Platelet Disorders

Linda L. Werner, DVM, Ph.D., ACVIM, ACVP
IDEXX Veterinary Services, Inc.

2825 KOVR Drive
West Sacramento, CA 95691


Bleeding due to platelet deficiency or dysfunction generally appears clinically as one or more of the following:  

  1. Petechiae, ecchymoses, purpuras (spontaneous small vessel-type bleeding)
  2. Trauma-induced bleeding of many types, including venipuncture, surgical, pressure or abrasion
  3. Mucosal bleeding (GI, gingival, epistaxis, urogenital)
  The most common causes of clinical bleeding from simple platelet disorders are severely thrombocytopenic states where platelet counts fall well below the 20-40 thousand/ul range. Most common are the following:  
  1. Immune Mediated Thrombocytopenia - IMT
    • Primary* (idiopathic)
    • Secondary* -- infectious, drug or vaccine-induced (many drugs, FeLV*, FIV, EIAV*, rickettsial*, Babesiosis)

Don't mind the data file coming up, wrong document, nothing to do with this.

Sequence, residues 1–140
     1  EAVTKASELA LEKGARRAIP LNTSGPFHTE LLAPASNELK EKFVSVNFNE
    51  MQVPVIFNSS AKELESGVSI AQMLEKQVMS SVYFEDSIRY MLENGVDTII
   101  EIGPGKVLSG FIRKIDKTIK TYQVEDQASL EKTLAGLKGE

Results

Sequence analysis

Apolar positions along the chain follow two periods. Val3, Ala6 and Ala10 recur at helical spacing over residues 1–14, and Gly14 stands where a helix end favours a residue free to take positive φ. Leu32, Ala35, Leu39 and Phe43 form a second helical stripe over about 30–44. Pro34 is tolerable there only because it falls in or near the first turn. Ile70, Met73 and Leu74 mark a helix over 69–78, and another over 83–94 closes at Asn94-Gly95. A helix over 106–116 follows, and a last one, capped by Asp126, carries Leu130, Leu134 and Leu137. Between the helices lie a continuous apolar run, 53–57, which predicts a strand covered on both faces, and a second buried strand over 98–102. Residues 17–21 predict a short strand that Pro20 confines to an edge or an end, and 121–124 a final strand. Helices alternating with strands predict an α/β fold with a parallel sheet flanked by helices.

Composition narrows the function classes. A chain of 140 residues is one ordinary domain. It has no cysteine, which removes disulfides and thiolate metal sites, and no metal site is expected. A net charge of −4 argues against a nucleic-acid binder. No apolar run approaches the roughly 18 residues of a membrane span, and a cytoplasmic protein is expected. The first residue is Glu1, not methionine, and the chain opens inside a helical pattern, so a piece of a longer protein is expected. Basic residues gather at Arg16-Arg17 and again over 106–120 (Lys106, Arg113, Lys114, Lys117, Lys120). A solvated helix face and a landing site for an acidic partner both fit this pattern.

2. Defects in Hematopoiesis (reduced megakaryocyte production)
    • Neoplasia* - myelo- or lymphoproliferative
    • Infectious* - FeLV, E. Canis, EIAV, sepsis
    • Drugs – estrogens, chloramphenicol, sulfas, cytotoxic drugs, many can cause idiosyncratic myelosuppression
    • Immune Mediated*

  Platelet-type bleeding can also occur with defects of platelet function, both congenital and acquired. The most common is von Willebrand's Disease, which clinically can be described as an extrinsic failure of platelet function due to lack of VWF, an important protein functioning in the adhesion step of platelet activation. Platelet function defects include the following types: